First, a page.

Building U.S. Soy Demand

Jul 27, 2021

By Dan Lemke •  From Summer 2021 American Soybean magazine

Producing a quality soybean crop takes careful management, attention to detail and the right amount of groundwork. Successfully marketing U.S. soybeans around the world also requires cultivation.

The value of U.S. soybean exports to the world reached a record $25.7 billion in 2020 according to the USDA Foreign Agricultural Service, and global demand for soy products remains high. However, international markets don’t just happen, instead, they’re the result of years of effort by farmers and members of the soy value chain to build preference for U.S. soybeans.

Four American Soybean Association directors currently have an extra hand in international market development efforts, serving as ASA representatives on the U.S. Soybean Export Council (USSEC). Each of these growers has a different perspective but common commitment to building global demand.

It’s relational

ASA and USSEC Director Brian Kemp visits with U.S. soy customers on a trade mission to Vietnam. Photo Credit: Brian Kemp

Brian Kemp, Sibley, Iowa

Trade teams from around the world have traversed Brian Kemp’s northwest Iowa farm getting an up close and personal look at U.S. soybean production and meeting the farmers who grow soybeans. Kemp has also participated in international trade missions to meet current and prospective U.S. soy customers.

“I’ve found that our foreign customers really appreciate U.S. producers taking time to visit and learn about their soy needs,” Kemp says. “Relationships are very important in marketing soybeans and soy products internationally.”

As U.S. soybean production has outpaced domestic demand, exports have taken on increasing importance to farmers, but new markets rarely develop quickly. ASA worked in China for decades before any U.S. soybeans were sold into what has become the world’s largest soybean consumer.

“It’s important that we don’t just focus on the big customers,” Kemp contends. “It’s essential that we continue to maintain and develop relationships with all foreign customers.”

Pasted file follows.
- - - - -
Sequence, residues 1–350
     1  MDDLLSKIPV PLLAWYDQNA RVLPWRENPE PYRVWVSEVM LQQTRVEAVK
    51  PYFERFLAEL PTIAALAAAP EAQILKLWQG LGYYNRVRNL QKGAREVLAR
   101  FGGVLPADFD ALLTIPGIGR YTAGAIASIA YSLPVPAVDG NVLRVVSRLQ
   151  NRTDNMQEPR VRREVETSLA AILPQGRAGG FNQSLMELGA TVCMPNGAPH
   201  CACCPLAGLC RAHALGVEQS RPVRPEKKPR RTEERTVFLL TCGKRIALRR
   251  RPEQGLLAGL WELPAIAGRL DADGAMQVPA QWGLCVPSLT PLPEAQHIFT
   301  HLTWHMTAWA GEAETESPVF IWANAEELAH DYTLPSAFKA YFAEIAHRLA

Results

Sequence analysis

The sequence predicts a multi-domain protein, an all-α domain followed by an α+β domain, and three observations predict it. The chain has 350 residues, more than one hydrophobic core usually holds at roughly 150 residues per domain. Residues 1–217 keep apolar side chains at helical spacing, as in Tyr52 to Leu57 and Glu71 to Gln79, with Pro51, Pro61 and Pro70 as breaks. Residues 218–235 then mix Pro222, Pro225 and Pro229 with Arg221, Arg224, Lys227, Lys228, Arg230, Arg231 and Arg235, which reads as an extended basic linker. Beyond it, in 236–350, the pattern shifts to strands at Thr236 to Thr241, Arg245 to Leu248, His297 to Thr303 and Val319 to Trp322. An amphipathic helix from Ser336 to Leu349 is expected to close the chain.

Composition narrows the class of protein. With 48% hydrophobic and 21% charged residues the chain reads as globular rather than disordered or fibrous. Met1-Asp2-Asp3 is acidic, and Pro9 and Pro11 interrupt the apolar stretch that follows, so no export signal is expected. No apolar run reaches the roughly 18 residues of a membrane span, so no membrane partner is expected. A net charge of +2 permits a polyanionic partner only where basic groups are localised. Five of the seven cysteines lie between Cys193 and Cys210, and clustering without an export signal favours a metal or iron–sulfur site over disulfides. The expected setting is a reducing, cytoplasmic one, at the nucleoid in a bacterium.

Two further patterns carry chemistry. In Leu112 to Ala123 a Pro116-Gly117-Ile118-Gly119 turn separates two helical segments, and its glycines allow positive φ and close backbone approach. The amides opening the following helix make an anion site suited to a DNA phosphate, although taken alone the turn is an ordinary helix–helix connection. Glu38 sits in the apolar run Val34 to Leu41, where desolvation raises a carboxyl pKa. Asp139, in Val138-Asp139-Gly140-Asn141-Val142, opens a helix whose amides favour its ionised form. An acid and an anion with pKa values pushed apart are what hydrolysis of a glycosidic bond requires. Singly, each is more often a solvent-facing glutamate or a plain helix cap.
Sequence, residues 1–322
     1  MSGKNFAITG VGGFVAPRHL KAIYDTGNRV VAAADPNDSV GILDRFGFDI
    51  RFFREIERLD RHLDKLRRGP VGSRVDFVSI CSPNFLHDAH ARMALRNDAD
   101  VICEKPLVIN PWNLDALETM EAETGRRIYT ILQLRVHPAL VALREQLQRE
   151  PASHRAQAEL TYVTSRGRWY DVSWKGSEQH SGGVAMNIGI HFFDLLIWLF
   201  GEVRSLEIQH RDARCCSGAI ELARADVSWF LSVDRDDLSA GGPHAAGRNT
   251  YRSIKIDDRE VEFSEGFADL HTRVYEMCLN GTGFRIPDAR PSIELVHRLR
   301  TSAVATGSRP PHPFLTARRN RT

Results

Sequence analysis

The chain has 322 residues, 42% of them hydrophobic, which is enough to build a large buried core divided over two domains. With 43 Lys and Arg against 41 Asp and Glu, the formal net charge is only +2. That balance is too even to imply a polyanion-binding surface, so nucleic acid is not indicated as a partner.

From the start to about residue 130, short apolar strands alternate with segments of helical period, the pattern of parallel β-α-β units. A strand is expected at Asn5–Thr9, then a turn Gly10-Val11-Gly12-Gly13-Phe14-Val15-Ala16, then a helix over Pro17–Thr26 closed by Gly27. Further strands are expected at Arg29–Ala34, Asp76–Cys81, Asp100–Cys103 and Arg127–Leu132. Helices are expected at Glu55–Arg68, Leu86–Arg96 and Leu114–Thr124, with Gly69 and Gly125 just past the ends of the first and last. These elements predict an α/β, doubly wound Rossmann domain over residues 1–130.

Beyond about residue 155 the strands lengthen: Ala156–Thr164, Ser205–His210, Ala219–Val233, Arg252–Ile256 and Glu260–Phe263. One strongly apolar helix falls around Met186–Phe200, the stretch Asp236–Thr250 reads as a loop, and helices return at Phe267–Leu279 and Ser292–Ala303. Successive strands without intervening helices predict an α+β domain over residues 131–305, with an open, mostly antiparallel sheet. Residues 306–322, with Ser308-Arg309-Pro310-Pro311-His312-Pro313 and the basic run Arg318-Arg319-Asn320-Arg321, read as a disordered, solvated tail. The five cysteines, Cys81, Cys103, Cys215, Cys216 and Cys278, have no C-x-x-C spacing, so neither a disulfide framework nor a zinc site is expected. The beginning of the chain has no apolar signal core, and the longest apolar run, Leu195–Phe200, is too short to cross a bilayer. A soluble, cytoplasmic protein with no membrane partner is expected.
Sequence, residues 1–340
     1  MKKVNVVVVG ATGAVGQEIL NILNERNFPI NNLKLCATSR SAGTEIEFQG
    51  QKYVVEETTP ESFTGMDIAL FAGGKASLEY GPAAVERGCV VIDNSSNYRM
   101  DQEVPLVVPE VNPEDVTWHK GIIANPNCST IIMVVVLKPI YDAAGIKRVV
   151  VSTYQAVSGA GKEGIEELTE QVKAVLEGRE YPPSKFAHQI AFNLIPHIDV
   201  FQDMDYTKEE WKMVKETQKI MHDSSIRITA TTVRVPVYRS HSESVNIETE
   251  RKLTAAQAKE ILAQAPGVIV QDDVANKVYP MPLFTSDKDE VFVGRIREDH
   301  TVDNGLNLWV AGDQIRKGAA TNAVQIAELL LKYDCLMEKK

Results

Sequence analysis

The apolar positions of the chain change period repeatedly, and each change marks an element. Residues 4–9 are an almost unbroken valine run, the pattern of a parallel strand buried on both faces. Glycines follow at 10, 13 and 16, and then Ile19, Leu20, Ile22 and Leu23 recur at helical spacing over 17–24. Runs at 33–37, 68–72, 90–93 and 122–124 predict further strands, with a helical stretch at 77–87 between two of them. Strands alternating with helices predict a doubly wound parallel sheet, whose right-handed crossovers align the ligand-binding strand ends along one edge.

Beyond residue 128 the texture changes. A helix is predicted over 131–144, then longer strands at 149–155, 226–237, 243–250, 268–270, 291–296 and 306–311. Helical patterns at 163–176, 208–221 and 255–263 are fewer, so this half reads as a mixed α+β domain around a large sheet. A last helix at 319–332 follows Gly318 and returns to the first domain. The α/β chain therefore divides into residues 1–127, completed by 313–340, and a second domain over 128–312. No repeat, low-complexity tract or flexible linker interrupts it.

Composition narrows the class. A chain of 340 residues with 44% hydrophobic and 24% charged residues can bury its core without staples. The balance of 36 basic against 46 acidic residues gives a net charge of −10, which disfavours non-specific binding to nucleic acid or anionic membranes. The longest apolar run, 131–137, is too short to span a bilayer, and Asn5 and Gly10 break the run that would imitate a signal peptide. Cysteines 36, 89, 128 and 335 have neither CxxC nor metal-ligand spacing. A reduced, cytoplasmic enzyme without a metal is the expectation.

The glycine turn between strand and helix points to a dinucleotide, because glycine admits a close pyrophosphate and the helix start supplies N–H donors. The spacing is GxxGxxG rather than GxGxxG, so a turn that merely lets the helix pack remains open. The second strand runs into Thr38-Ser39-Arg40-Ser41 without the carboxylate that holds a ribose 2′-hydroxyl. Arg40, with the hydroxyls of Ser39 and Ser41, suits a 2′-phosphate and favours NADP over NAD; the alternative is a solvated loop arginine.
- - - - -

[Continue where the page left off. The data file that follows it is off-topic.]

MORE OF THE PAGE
The U.S. soy industry has recently dealt with the global effects of African Swine Fever reducing soybean meal demand, a trade war with China, and the effects of COVID-19 on international trade. Kemp says U.S. soy exporters were able to pivot to other markets during those challenging times because relationships had already been established.

With China trade picking up again, COVID-related restrictions easing and global soy demand high, Kemp sees a bright future for U.S. soy exports in current and developing markets.

“Some markets are rapidly developing, such as Pakistan, Bangladesh and Egypt. Others, like India and Africa, have large populations but will  take time to develop,” Kemp explains.

Kemp says the value of relationships cannot be overstated because once connections have been made, customers are more likely to be open to a discussion of soybean quality—a key selling point for U.S. soy.

“U.S. producers successfully work to provide soybeans that are grown under the best management conditions, are harvested at optimum moisture content, and are superior in the components that make them the best feed source for livestock,” Kemp says.

Witness to growth

Monte Peterson, Valley City, North Dakota

During a tour of the Upper Midwest to showcase the United States’ transportation system and infrastructure—one of the biggest advantages of buying U.S. soy—international delegates from Pakistan and Bangladesh visit ASA and USSEC Director Monte Peterson on his North Dakota farm. Photo Credit: Lisa Humphreys

North Dakota’s soybean industry was largely built on the promise of global soybean exports. Without significant in-state processing, most North Dakota soybeans were loaded on trains bound for the Pacific Northwest then shipped to overseas markets, largely in Asia.

Monte Peterson farms near Valley City, North Dakota. He recalls serving on the North Dakota Soybean Council more than a decade ago, when the state’s annual soybean production was only about 2 million acres.

“Soybean acreage has now swollen to the 7-million-acre mark,” Peterson says. “In the case of North Dakota, exports were imperative because we had no dedicated soybean crush to consume anything domestically.”

Exports became a key issue for Peterson, who is now in his second term as USSEC chair. He knows international markets contribute substantially to the value of soybeans grown across the United States.

“We have the good fortune of raising over double what we utilize here in our own country,” Peterson explains, “so, for the sake of every U.S. soybean farmer out there, exports are vitally important.”

USSEC builds preference for U.S. soy products worldwide by demonstrating how customers can benefit from using high-quality products from the U.S.

“I think that we really do a topnotch job of getting to know our customers and what their needs are and understanding ways that we can help them grow the utilization of U.S. soy before we just say, 'Here, we want you to buy from us,’” Peterson explains. “I think trade servicing is the key to that process of building a preference for U.S. soy.”